In fact this idea is so awesome, I won’t be surprised if I start seeing a Label Yourself outlet in India within a few years!

Read More

Equity Release: Debt Instrument

Just when you think, what will these crazy bankers think of next … and boom comes the latest financial instrument ready to stupefy you … with its sheer ingenuity and innovativeness.

This latest debt instrument I came to know recently from a friend in UK is the equity release. Lets take a case of a country home in the UK which has a bit of mortgage attached and the owner wishes to make some new purchases. The first condition of this instrument is that the owner has to be above 55 years of age and the value of the house needs to be higher than the mortgage value. This difference is called the Equity of the house … now private financial institutions will provide these house owners with a method to slowly sell their house for a part payment on that equity value.

What’s so great about this opportunity is that the house owners are not on the streets trying to sell the house directly. Take for example, this equity release from Age Partnership, the ownership will be transferred only after a long long time … until when the house owner has access to a ready pool of funds. With the minimum age requirement of 55, and the average age in UK rising to 78, this means that the house owner has typically a good 20-25 years access to this pool of funds, which otherwise would only be made accessible post the sale of the house.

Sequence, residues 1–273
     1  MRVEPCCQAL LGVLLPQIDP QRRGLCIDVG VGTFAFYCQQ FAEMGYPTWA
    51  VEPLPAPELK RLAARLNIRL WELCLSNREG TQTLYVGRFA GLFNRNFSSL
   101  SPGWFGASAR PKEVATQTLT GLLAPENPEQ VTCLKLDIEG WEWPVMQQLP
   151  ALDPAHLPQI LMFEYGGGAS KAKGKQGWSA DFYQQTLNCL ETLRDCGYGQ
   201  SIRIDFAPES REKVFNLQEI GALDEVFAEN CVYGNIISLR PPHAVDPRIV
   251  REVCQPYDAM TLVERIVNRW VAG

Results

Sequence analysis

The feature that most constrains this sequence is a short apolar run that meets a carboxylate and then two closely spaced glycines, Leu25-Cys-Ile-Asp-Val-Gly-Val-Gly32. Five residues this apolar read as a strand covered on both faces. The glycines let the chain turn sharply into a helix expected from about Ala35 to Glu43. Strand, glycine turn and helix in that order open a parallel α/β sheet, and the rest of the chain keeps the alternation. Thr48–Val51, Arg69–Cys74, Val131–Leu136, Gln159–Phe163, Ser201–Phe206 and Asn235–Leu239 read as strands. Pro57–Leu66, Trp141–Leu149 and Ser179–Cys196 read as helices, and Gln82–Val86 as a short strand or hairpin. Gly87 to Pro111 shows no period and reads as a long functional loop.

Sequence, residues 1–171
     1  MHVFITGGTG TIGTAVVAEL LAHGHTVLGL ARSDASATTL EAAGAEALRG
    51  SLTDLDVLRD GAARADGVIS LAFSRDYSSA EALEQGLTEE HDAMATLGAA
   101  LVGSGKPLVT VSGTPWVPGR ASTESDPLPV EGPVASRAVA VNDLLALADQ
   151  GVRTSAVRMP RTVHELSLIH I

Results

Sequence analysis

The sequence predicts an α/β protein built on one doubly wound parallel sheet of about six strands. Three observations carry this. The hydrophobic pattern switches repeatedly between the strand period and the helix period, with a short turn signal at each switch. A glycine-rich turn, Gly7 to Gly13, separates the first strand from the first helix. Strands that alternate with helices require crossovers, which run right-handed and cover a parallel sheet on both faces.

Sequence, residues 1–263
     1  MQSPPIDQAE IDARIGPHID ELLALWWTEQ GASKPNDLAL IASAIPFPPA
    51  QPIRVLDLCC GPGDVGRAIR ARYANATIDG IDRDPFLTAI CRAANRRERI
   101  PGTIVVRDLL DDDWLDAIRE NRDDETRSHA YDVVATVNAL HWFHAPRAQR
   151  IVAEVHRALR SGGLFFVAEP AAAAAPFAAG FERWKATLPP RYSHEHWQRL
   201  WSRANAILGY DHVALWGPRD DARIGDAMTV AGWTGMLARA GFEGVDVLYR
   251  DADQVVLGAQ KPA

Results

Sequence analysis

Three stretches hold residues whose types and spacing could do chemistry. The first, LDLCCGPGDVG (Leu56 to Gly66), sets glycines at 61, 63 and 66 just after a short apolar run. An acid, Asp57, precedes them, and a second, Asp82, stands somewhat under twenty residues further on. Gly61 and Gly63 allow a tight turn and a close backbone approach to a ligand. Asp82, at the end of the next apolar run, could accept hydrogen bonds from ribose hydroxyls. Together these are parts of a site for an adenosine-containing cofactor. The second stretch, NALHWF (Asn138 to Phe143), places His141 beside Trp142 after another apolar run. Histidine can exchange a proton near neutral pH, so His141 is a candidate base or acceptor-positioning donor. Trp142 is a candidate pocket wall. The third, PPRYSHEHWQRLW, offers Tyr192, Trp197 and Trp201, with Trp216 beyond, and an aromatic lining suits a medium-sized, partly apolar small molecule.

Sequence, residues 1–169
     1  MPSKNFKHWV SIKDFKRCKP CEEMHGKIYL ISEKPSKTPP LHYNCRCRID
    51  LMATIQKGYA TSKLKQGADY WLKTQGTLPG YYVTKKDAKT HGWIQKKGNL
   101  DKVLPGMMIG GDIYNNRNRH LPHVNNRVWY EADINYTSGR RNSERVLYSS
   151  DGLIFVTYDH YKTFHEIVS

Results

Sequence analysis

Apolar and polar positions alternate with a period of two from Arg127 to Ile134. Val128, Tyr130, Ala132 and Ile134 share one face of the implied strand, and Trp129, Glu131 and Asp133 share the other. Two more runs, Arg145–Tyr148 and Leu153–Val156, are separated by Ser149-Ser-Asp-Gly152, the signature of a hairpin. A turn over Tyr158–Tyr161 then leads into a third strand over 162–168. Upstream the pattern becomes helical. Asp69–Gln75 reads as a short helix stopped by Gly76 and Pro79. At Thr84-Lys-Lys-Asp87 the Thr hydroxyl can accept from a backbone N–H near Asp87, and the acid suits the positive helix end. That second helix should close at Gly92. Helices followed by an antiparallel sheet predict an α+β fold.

Thus, finances which would have opened up very later … and mostly by the inheritors, are now suddenly available to the house owner itself. This is great news for elder citizens who are having a hard time trying to maintain a lifestyle. This instrument clearly benefits both the institution and the individuals … a win-win instrument. I wonder, does this idea seem as good as those CDO’s back in 2008.

PS – The problem of all such financial instruments is the same – lack of regulation. With this, we can be sure to see the same … without any overseeing authority to stop malpractice, rogue institutions will realize the loopholes in the system (or lack of one), and exploit this. Any system without regulation is bound to the same problems. So the CDO statement back there really is not fair, but it’s always a risk to consider!

Read More

Europe Debt Crisis and Economics

Today I was sitting with the Pristine content team and trying to figure out why are we going to see the biggest financial recession ever. Bigger than the one we faced in the year 2008. Definitely bigger than the Great Depression of 1929 that the United States had faced.